Labor Day yearbook: All workers deserve safety, dignity, respect and justice on the job

Typically, we like to end the annual “The Year in U.S. Occupational Health & Safety” on an uplifting note. But this time around — to be honest — that was a hard sell.

Take a quick look through the 2017 yearbook and you’ll quickly glean that worker health and safety is very much at risk under the new administration and from lawmakers in the states. From the attempted rollback of a new federal beryllium exposure standard to state efforts to weaken workers’ compensation systems, the view from 2017 does not seem terribly promising. On the other hand, the fight for workers’ rights has never been easy — it’s always been a movement defined by taking on the powerful by giving voice to the powerless. In that way, organizers and advocates are well prepared for the fight ahead — and they have a long history of labor accomplishments from which to draw strength.

On that note, we leave you with an excerpt from the 2017 yearbook — a section called “The Year Ahead”:

Let’s be frank, the year ahead does not look great. It looks hard and disappointing and upsetting. Beyond the politics and talking points and arguments, the cold, hard fact on the ground is that weakening key mechanisms that create safe and fair working conditions — like data collection, transparency, research and enforcement — emboldens unscrupulous employers and puts workers in harm’s way. This is a fact.

Just as this yearbook was going to press in August, worker safety advocates noticed that OSHA has scrubbed its worker fatality list from its home page and buried the link on an internal page. Now, the list only contains incidents for which a citation was issued and removes the names of deceased workers. A Department of Labor spokesperson told reporters the change was meant to protect the privacy of workers’ families. The truth is that OSHA leadership decided to weaken one its most useful enforcement tools. The truth is that removing workers’ names only protects the privacy of employers who may have needlessly put them at mortal risk. A decision like this dehumanizes workplace fatalities, erasing from the raw data the real people and families behind the numbers.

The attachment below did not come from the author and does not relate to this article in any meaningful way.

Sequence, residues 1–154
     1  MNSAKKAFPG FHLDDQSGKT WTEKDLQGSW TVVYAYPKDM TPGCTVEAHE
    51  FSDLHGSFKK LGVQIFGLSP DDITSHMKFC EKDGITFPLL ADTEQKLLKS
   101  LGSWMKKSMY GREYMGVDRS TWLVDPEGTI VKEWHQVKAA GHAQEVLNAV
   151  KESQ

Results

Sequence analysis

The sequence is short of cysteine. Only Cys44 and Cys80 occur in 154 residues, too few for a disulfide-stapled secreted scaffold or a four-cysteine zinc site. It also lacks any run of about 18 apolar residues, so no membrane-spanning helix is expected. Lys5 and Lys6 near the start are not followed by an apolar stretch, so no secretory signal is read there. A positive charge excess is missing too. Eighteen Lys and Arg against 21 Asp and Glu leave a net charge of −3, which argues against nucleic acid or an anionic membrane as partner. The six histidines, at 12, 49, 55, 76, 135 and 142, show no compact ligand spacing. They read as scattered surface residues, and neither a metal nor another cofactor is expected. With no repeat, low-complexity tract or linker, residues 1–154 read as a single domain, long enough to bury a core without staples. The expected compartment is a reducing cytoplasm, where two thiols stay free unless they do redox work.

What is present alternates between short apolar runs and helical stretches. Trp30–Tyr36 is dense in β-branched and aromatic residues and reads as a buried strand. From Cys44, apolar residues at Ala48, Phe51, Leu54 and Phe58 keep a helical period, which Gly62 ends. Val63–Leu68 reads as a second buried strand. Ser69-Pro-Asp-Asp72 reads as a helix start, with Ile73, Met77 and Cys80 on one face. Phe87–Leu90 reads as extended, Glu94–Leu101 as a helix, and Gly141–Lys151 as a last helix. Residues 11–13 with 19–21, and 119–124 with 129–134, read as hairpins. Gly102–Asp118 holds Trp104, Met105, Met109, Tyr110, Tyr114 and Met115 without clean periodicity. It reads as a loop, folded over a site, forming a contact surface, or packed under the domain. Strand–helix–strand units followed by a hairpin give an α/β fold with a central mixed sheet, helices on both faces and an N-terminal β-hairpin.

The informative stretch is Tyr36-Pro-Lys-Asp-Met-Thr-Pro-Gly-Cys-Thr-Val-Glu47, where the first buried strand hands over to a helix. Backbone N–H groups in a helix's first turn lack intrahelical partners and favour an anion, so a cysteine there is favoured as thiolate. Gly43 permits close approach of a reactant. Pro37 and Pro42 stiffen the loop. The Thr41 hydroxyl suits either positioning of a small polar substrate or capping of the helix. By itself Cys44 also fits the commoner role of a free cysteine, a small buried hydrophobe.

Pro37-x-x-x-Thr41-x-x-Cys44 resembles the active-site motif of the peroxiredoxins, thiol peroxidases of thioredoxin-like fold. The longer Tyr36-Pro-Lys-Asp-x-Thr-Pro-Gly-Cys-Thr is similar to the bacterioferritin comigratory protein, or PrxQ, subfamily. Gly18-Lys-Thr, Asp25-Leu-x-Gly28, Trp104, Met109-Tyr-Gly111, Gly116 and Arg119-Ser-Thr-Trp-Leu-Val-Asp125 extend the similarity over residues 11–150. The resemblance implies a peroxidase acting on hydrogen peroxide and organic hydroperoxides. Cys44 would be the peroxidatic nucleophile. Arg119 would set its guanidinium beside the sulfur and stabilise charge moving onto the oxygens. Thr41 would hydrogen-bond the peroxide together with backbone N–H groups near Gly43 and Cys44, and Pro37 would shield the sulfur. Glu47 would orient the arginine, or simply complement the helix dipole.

Word of OSHA’s website change began circulating around worker advocate listservs and on occupational safety and health sites. By that afternoon, the news had popped up in Politico. Just as quickly as advocates had spread word about the problem, they began discussing ways to ensure that the names and stories of fallen workers would not be washed from public view.

No one is surprised that the Trump administration is hostile toward OSHA, an agency whose mission is to hold employers accountable to the law. After all, it’s also a fact that private citizen Trump had a sizeable history of flouting labor laws and practicing ethically questionable behaviors in his own business ventures. Still, watching those inclinations manifest into public policy is hard to stomach.

All that said, we know worker advocates in communities across the country won’t be deterred. They’ll just work harder. They face anti-worker sentiment every day, working hand in hand with some of the most powerless people in the U.S. They know that the collective power of informed workers is greater than those who conspire to deny workers their rights and erase their names from view. Labor history is full of such stories. For example, just this year, farm workers in Washington state officially formed America’s first new farm worker union in 25 years. The union is aptly named Familias Unidas por la Justicia — or Families United for Justice.

With the future so uncertain and federal commitment to worker safety so unclear, it seems like a critical moment to support organizers on the ground and stand with workers in the streets. Let next year’s Workers’ Memorial Week be a forceful reminder that all workers, regardless of immigration status, deserve safety, dignity, respect, and justice on the job. To borrow a phrase from another social justice movement, workers’ lives matter. Keep telling their stories.

Like we wrote earlier this week, we also hope you’ll help share the 2017 yearbook far and wide — not only is the yearbook a call to action, it’s a source of inspiration and motivation. Download the 2017 yearbook here and find previous editions here.

Kim Krisberg is a freelance public health writer living in Austin, Texas, and has been writing about public health for 15 years. Follow me on Twitter — @kkrisberg.


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